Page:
Let's examine some other ways that the network can be prepared for remote workers via…
5 Ways to Prime Your Network for Distributed Workers, Part 1
The modern office doesn’t always end at the exit to a particular building or the boundaries of a corporate suite. Today’s employees may do some, most or even all of their work from other locations such as a company branch or remote office. Applications such as Unified Communications (UC) including Voice over IP, virtual desktop infrastructure and cloud-based enterprise resource planning tools make this new working arrangement possible by connecting people everywhere to the same data and communications platforms.
At the same time, the remote office can only thrive with the proper network infrastructure in place. Overall company responsiveness and productivity increasingly depend on wide area networks (WANs) and cloud access networks with the adaptability required by these real-time applications and distributed remote office workforces. Here are a few specific things to consider while updating your WAN for the evolving needs of remote employees.
1) Mitigate common UC and VoIP issues through packet duplication
Communications tools like UC and VoIP provide richer experiences for distributed workers than legacy phone lines can offer. Teams can more effectively conference from anywhere, with the benefit of crystal-clear voice quality and real-time presence to support collaboration.
Still, a good UC and VoIP experience requires careful attention to detail, especially when it comes to the underlying WAN. Possible issues that can arise from a suboptimal implementation include:
- Packet loss: Calls can be choppy and broken, plus call forwarding and hold features may not work as originally intended.
- Latency: Latency greater than 150 milliseconds per round trip can cause awkward gaps and talkovers in VoIP calls.
- Congestion: A large number of concurrent UC users will test any network without proper QoS and bandwidth capacity.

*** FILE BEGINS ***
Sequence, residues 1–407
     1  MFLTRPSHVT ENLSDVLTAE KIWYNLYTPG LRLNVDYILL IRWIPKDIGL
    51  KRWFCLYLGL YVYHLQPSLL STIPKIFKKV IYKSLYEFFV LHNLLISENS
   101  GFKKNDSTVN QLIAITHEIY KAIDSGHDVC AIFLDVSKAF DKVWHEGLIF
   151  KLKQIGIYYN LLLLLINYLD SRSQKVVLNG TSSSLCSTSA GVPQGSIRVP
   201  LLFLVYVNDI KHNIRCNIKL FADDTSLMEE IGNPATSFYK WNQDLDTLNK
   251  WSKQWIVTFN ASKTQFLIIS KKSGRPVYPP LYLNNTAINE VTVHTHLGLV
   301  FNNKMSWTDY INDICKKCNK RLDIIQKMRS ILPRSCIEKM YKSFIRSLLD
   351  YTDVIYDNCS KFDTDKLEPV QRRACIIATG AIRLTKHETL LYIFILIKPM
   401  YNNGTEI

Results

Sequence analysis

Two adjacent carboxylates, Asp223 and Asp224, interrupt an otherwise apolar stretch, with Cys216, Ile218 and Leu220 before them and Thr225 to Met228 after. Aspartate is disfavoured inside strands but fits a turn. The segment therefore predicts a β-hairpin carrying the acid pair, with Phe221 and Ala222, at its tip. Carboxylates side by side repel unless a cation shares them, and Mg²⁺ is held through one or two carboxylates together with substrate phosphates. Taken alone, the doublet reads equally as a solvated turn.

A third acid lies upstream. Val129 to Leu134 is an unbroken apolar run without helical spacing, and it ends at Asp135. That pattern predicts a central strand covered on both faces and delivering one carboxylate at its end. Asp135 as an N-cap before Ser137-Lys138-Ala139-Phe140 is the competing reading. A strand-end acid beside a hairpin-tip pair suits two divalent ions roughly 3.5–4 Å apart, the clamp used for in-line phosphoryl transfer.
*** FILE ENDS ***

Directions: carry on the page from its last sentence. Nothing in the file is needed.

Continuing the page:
The network must be specifically designed to effectively mitigate all of these issues. Techniques such as packet replication can reduce latency and ensure fewer dropped packets, while masking the effects of delays and packet loss. The ability for link aggregation within the WAN ensures apps get the bandwidth they need to meet the user’s SLAs.
“The network must be specifically designed to mitigate issues like congestion.”
2) Understand bandwidth and end-to-end quality of service requirements for VDI
Just as VoIP can run into problems with congestion, applications like VDI can also encounter performance issues that turn them into high-maintenance money pits. Traditional techniques for optimizing data center-to-branch office connections, such as compression, isn’t effective with real-time applications.
Bandwidth traffic consumption and QoS are what really need to be measured when optimizing any VDI solution. A solution could use these metrics to provide crucial information on WAN connections to remote/branch offices, while also devising the best possible path for traffic over aggregated links. The network would gather and apply real-time insights for superior connectivity.
More specifically, broadband connectivity can be utilized for traffic monitoring and QoS rather than Internet access for non business-critical applications. Such use of broadband is also a cost-effective alternative to dedicated, expensive WAN connections via links like MPLS by itself.
Stay tuned for the second part of this series. In it, we’ll look at the remaining three ways to prepare your network for distributed office workers.